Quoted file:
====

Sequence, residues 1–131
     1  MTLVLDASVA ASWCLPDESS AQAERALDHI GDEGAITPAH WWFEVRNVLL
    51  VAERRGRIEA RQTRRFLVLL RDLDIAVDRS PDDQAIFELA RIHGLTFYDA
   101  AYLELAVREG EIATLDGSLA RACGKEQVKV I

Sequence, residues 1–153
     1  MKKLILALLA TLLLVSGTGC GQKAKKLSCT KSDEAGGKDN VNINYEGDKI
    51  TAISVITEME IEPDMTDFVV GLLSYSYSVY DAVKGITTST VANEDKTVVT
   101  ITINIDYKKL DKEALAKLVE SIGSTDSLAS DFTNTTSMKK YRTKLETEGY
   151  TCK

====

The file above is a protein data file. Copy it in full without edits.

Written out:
Sequence, residues 1–131
     1  MTLVLDASVA ASWCLPDESS AQAERALDHI GDEGAITPAH WWFEVRNVLL
    51  VAERRGRIEA RQTRRFLVLL RDLDIAVDRS PDDQAIFELA RIHGLTFYDA
   101  AYLELAVREG EIATLDGSLA RACGKEQVKV I

Sequence, residues 1–153
     1  MKKLILALLA TLLLVSGTGC GQKAKKLSCT KSDEAGGKDN VNINYEGDKI
    51  TAISVITEME IEPDMTDFVV GLLSYSYSVY DAVKGITTST VANEDKTVVT
   101  ITINIDYKKL DKEALAKLVE SIGSTDSLAS DFTNTTSMKK YRTKLETEGY
   151  TCK